Dear Mom (Mommy),

It’s been ten years. Ten years ago, this week, you turned 42. I don’t remember what we did for your birthday. DId you like it? Was it special? In fact, I probably was not even there. I was at the university going to school, hardly aware that it would be the last birthday we would celebrate. Did you know then that you’d remain 42 forever?

A decade is a monumental amount of time to be absent. I lived through my twenties. Jacob and Maddi spent their teen years without you.

Ten years. In ten years I’ve lived in another country, traveled to more. I biked around an active volcano, bungee jumped, and went on many road trips. In the last ten years, I became a teacher. Like you. I bet you never thought I’d want to follow your footsteps. I even got a Master’s degree. Ten years is so much time. Maddi went to nursing school. Jake is almost out of college.

In another decade, ten more years without you, I’ll reach your eternal age. What will I have to show? A handful of accomplishments and a room full of milestones. But you’ll miss those too. Because, you will remain forever 42.

The world keeps moving, minutes tick, hours ache, and we live. A blink, and the time has passed. But there is something missing, and each year it is becoming more difficult to remember. Your voice. Your Yell. Your laugh.

Ten years. Although your life ceased a decade ago. You’ve never really gone. You are the ink in my pen, the shadow in my step, and the beat in my heart. So, for the tenth year continuing, happy 42nd birthday. You are in my soul. Everything that I achieve is because of you.

I love you always,

Your Daughter (Me)

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My Christmas Spirit

I wrote this piece awhile back. It is for someone very important in my life. This person, even though she thinks I dislike her most of the time, I really don’t. It is true when I was younger, I thought she ruined my life. But really, she made me a less selfish human being. My sister graduates college on Tuesday, and will be all growed up. This is for her.

My Christmas Spirit

                 Tip toe, tip toe. There is no stumbling or fumbling as I make my way into a sea of darkness. This house, this place is mine. I learned to walk, talk, read, and love here. These white walls that surround my bedroom crawling with late night shadows are held up by my memories created here, the good and bad. I wander out into the blackness with purpose, blinded, but eyes wide open, adjusting. The darkness carries me; a guiding hand in my secret mission.

Quietly and quickly I creep across the entry hall. A lonesome, wooden cactus guards the front door (his years have now taken toll, as he’s been demoted to living room patrol). Falling stealthily against the kitchen wall; smells of fresh baked pie still cooling on the stove greet my nose, cherry and apple, I think. Earlier festivities resonate in my memory, but there is no time for that now. I have business to attend to. Searching the kitchen, empty counter tops leave no sign of life. The dishwasher light blinks monotonously at me, begging to be emptied. I can see a few dishes in the sink, clinging to remnants of turkey dinner with a think layer of film forming across left over gravy. Then my eyes approach the kitchen table, I see it. Crumbs scattered across the plate, half a cookie left, maybe. Yes! I think to myself, Santa does like Chips-A-Hoy. I was worried, I’m glad he didn’t take my mom’s pies.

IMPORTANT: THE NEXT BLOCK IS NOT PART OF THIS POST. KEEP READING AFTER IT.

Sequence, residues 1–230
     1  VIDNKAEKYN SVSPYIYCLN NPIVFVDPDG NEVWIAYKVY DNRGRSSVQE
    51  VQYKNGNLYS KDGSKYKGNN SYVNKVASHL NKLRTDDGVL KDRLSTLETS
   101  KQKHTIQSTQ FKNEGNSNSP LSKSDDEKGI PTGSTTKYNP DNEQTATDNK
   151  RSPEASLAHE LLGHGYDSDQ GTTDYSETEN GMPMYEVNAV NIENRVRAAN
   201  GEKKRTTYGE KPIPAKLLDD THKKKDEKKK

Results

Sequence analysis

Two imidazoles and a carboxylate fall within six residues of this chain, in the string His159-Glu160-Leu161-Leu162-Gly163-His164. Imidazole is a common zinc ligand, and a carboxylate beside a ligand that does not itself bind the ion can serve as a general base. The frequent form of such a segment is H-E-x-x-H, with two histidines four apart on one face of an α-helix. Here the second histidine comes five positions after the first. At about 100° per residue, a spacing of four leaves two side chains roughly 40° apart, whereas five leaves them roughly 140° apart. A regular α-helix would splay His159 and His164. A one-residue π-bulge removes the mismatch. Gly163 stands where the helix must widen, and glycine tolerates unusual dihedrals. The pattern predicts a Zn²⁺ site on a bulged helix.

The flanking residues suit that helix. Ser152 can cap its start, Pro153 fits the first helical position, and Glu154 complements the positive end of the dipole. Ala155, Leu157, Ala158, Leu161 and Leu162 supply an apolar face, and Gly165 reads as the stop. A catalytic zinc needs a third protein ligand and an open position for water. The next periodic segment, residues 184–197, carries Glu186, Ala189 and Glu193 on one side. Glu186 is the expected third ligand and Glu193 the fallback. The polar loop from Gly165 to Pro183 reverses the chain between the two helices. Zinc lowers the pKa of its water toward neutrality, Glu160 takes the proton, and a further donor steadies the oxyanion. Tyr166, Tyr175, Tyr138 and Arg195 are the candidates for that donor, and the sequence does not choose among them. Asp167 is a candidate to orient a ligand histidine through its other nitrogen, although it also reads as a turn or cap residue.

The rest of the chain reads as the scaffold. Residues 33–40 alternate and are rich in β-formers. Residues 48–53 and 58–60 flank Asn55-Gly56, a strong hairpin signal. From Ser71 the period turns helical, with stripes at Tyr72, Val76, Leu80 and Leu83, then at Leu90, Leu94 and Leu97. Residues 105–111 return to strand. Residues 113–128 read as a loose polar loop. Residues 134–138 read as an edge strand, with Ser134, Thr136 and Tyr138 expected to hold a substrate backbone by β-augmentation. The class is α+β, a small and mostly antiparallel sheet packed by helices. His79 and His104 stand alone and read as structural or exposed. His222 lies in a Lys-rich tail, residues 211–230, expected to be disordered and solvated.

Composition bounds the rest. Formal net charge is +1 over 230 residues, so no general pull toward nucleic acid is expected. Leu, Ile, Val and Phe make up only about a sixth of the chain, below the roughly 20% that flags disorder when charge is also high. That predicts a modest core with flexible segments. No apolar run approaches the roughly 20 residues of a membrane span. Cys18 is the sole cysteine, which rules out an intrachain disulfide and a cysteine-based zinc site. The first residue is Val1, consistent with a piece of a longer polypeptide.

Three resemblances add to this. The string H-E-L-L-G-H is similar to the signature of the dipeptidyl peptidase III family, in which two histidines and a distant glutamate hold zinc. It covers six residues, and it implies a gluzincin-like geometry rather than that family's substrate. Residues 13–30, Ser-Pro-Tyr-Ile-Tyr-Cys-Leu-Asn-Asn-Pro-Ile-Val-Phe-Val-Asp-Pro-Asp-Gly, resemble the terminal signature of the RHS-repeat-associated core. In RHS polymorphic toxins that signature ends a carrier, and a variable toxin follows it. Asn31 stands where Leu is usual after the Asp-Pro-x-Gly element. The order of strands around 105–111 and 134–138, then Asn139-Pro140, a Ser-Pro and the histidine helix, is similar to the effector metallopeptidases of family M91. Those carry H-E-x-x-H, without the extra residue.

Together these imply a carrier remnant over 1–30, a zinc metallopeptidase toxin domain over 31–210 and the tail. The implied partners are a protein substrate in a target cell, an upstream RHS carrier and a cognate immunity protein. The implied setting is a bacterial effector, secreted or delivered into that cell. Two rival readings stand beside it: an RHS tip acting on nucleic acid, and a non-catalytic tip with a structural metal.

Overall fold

Missing cookies was my cue. I scurried across the kitchen floor, almost tile surfing on my socks. First, I peeked cautiously around the corner of the other kitchen entrance catching just a glimpse of the tree in the corner and the flicker of the lights shining. They lit up my first Christmas tree ornament, other I hand crafted from kindergarten and first grade. Popcorn strings, I had insisted on decorating the tree with, hugged the branches. There she stood in all her glory, tall and proud, in the dark of night- like a piece of family artwork. My eyes fell towards the floor as I stepped into the living room, not before almost bumping the TV cabinet running along the wall on my left side. Recovering, I looked again, because that of course was what I had come for. The bike, orange, pink, and green, towered next to the Christmas tree. A two-wheeler at last! I had only waited my whole life! (All seven and three-quarter years) But, just as quickly that my joy came, it faded as my gaze slowly wrapped itself around the tree. It was a mound of presents dressed in pinks and pale yellows. Suddenly that mound look like Mt. Everest. I would never be able to conquer it. Waves of jealousy swept through me. I knew it had been a disaster from the beginning, when ten months ago, two words were uttered across my mother’s lips. Now, I was being haunted by ghost gifts that had taken form in Santa’s presence.